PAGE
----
Peace talks between the Pakistani government and Taliban fighters broke down Monday, after the fighters said they executed 23 soldiers in revenge for army operations in the volatile tribal regions on the Afghan border.
Pakistani Prime Minister Nawaz Sharif on Monday condemned the killings, calling them a "heinous" act. "Pakistan cannot afford such bloodshed,” Sharif said. “The situation is very sad, and the whole nation is shocked."
Sharif announced the latest round of talks last month amid mounting speculation that the army was preparing to launch a major ground and air offensive against hard-liner strongholds on its western frontier.
"It is sad that we are not moving in the right direction," Irfan Siddiqui, a government negotiator, said in a news release, adding that there was now "no use" holding a meeting with Taliban representatives planned for Monday.
The Taliban wing operating in the tribal Mohmand district in Pakistan's north issued a statement saying the Pakistani soldiers, who were kidnapped in 2010, had been executed in revenge for the army killing their fighters. It also issued a video message in the Pashto language explaining its motives, but the footage did not show the bodies.
The Pakistani Taliban's main spokesman, Shahidullah Shahid, could not immediately say if Mohmand Taliban actions had been endorsed by the movement's central command, or when the negotiations would resume.
Pakistan-watchers have been skeptical that negotiations could deliver peace in a country where the armed group, known there as Tehreek-e-Taliban Pakistan, is fighting to topple the government and set up an Islamic state. The Taliban's Afghan wing, which operates separately from Pakistan's, has similar objectives, and has in recent years been charged by the United Nations with a number of civilian casualties.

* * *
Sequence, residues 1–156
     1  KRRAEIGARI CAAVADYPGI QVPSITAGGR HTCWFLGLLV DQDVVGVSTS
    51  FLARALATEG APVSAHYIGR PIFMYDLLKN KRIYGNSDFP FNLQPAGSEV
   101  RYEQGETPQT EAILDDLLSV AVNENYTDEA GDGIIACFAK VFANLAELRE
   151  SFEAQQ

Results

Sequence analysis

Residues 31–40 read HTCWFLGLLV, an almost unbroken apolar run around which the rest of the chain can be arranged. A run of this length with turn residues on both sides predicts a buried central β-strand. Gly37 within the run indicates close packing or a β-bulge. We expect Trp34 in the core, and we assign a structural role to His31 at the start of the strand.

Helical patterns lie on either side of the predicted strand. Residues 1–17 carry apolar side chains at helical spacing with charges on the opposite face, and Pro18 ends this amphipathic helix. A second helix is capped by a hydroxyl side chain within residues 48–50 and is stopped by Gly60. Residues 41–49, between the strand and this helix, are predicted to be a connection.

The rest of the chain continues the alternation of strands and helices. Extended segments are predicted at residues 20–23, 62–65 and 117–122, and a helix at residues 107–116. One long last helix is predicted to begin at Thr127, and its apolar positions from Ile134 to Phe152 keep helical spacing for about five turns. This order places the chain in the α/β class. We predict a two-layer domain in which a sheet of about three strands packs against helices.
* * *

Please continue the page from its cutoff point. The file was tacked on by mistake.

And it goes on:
In a sign the central Taliban leadership was not in control of its fringe groups, a cleric representing the insurgents in the talks distanced himself from the Mohmand attack.
"We are also sad to hear the news of the Mohmand agency incident," Maulana Yousuf Shah said in remarks broadcast on Pakistani television.
The Pakistani Taliban and their Afghan namesakes are deeply divided, so striking a deal with the central leadership is unlikely to result in peace.
Many in Pakistan believe the government is setting itself up for failure by trying to talk to a group that has killed about 40,000 people since the birth of the insurgency in 2007. Overshadowed by persistent violence, talks faltered shortly after starting on Feb. 6, with more than 100 people dying in insurgent violence across the country since then.
A failure to reach a negotiated ceasefire would raise the specter of a major military offensive in North Waziristan, home to many Al-Qaeda-linked militants. Failed talks are also bound to unnerve ordinary people in Pakistan, who are weary after years of violence in a region already that is also nervous ahead of a planned withdrawal of foreign troops from neighboring Afghanistan this year.
The army publicly supports Sharif's call for talks, but in private senior officers speak strongly against it, giving rise to talk that the military is waiting for an excuse to go into action.
In a possible sign of the changing mood, Imran Khan, a cricketer-turned-politician who has been an outspoken proponent of the talks, said in a news release, "Clearly this is also a direct sabotage of the peace talks in the most barbaric way possible."
Al Jazeera and wire services